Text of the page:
What is it like being a doctor who gets the illness?
I became a medical doctor to help people and, at the end of the day, doctors are also human beings and TB doesn’t choose who it wants to infect, it infects whoever it likes. Secondly, because of the nature of our profession, we are exposed to all the patients that come to the health facility.
What was the treatment like?
My treatment was for 18 months, with a lot of side effects. I was on very painful injections, and pills. Nausea and vomiting were very common during the treatment period. I also had low blood sugar, plus insomnia which was quite bad. There were a lot of pills to take at once and some were very big.
How aware of TB are people in Malaysia?
The awareness of TB or MDR-TB is relatively low, and social stigma still exists especially in the villages. People hardly disclose their illness for fear of being stigmatized or ostracized. This has posed difficulty to curb the spread of TB, especially during TB contact tracing.
I think the issue of stigma can be stopped with proper education. When TB survivors share their stories, others are encouraged to speak up and also seek medical help, knowing that there’s treatment. In my case, when I was diagnosed of MDR-TB, some of my friends said actually their parents had suffered TB, but how come I never knew about my friends’ parents’ TB status? This is why there is a huge need to mobilize survivors to speak out about their journey with TB, this would really help in increasing awareness that would lead to stigma reduction.
What do you think the world should do to stop TB?
The world, irrespective of country, region or race should work together to fight TB. Infectious diseases know no borders and can travel widely. We need to step up the fight against TB globally and also develop new vaccines and treatments. We have to conduct more research on how to make TB medications easier to take. Maybe we could have combination pills or research to reduce the duration of treatment. It would be good for the sake of compliance.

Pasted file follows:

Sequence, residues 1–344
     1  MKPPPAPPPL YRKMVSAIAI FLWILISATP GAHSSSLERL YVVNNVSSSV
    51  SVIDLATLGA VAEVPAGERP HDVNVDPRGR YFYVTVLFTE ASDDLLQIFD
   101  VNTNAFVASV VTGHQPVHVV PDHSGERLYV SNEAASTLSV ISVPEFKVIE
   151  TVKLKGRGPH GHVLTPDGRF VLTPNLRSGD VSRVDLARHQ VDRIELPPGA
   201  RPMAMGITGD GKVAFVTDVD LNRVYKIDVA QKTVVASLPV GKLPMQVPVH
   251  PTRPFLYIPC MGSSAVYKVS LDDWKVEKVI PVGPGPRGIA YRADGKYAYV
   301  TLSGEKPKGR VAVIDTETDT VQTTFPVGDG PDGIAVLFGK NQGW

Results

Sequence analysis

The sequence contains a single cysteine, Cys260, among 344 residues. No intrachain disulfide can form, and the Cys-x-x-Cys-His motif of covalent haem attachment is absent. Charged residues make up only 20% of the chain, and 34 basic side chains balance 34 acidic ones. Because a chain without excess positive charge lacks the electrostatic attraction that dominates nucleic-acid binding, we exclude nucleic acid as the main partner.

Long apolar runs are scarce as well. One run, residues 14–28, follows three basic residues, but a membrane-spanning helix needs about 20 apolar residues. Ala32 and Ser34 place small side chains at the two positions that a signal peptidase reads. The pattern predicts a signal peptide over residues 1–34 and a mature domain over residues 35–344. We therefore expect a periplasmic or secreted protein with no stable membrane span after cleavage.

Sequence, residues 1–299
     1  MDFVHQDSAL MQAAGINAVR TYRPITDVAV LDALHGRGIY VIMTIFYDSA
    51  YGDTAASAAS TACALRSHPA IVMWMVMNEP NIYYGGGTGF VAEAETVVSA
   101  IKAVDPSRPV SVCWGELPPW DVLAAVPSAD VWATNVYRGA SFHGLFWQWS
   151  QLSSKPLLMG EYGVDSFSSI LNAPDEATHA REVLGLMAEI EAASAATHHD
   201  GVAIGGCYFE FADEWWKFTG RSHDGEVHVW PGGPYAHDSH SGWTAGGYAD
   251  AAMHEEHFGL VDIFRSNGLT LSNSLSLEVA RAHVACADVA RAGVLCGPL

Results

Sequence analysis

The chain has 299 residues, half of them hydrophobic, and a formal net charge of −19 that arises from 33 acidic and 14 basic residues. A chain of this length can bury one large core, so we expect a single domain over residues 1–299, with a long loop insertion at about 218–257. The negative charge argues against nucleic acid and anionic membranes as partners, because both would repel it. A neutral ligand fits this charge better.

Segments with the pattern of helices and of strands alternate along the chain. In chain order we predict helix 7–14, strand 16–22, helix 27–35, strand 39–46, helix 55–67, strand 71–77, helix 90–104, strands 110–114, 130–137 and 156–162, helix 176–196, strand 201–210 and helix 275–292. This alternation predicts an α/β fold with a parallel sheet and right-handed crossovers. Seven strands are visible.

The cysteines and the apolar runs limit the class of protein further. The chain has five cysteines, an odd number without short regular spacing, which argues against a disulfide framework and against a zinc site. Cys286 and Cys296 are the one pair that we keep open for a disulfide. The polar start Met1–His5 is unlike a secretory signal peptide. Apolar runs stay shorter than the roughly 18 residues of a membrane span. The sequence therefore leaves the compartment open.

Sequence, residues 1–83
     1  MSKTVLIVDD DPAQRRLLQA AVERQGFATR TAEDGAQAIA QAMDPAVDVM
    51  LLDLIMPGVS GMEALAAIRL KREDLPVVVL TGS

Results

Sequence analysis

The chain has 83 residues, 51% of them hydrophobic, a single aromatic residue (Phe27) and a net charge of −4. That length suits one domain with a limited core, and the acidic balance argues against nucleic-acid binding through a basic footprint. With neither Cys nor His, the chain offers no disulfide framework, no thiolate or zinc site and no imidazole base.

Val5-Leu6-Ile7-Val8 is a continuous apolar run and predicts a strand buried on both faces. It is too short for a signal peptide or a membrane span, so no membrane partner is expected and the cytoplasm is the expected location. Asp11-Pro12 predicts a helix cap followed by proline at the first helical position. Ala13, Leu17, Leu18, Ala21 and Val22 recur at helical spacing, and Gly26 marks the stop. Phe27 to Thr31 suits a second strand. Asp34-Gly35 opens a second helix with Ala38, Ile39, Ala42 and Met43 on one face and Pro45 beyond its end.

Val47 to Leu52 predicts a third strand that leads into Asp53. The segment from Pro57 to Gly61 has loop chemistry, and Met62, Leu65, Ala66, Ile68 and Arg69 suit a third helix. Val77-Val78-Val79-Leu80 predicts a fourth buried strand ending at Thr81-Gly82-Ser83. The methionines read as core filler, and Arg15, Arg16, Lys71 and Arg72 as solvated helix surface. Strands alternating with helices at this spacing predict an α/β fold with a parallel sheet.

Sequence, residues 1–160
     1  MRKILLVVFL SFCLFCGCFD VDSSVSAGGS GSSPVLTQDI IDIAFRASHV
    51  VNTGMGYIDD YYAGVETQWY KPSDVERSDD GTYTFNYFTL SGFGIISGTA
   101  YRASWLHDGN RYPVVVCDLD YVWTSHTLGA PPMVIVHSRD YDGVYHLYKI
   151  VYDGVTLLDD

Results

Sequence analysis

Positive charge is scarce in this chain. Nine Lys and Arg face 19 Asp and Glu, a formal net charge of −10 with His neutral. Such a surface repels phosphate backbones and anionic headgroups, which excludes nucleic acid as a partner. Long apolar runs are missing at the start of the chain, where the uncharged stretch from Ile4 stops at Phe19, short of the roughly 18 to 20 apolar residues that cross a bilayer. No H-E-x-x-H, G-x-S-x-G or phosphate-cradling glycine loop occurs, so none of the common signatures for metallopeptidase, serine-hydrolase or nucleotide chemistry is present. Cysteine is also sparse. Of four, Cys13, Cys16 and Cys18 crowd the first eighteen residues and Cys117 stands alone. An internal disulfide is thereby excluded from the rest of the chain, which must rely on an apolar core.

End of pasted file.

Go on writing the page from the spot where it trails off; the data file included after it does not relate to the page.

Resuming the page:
Are there ways to prevent TB?
From the health care perspective, medical personnel need to wear proper protective equipment. And, everyone should know the symptoms and go for a TB test, and, if positive to TB, begin treatment as soon as possible so that it doesn’t spread to other people
Do you have any advice for people who are going through TB treatment?
They should know that the treatment they are undergoing will get rid of the TB, so adherence to treatment is important if they want to see that happen. The treatment may seem long but at the end of the day, you will feel good about yourself.
Ifesinachi Sam-Emuwa is an ACTION fellow working with the ACTION secretariat on a one year Atlas Corps Fellowship and also an Alumni of the U.S State Department Professional Fellowship.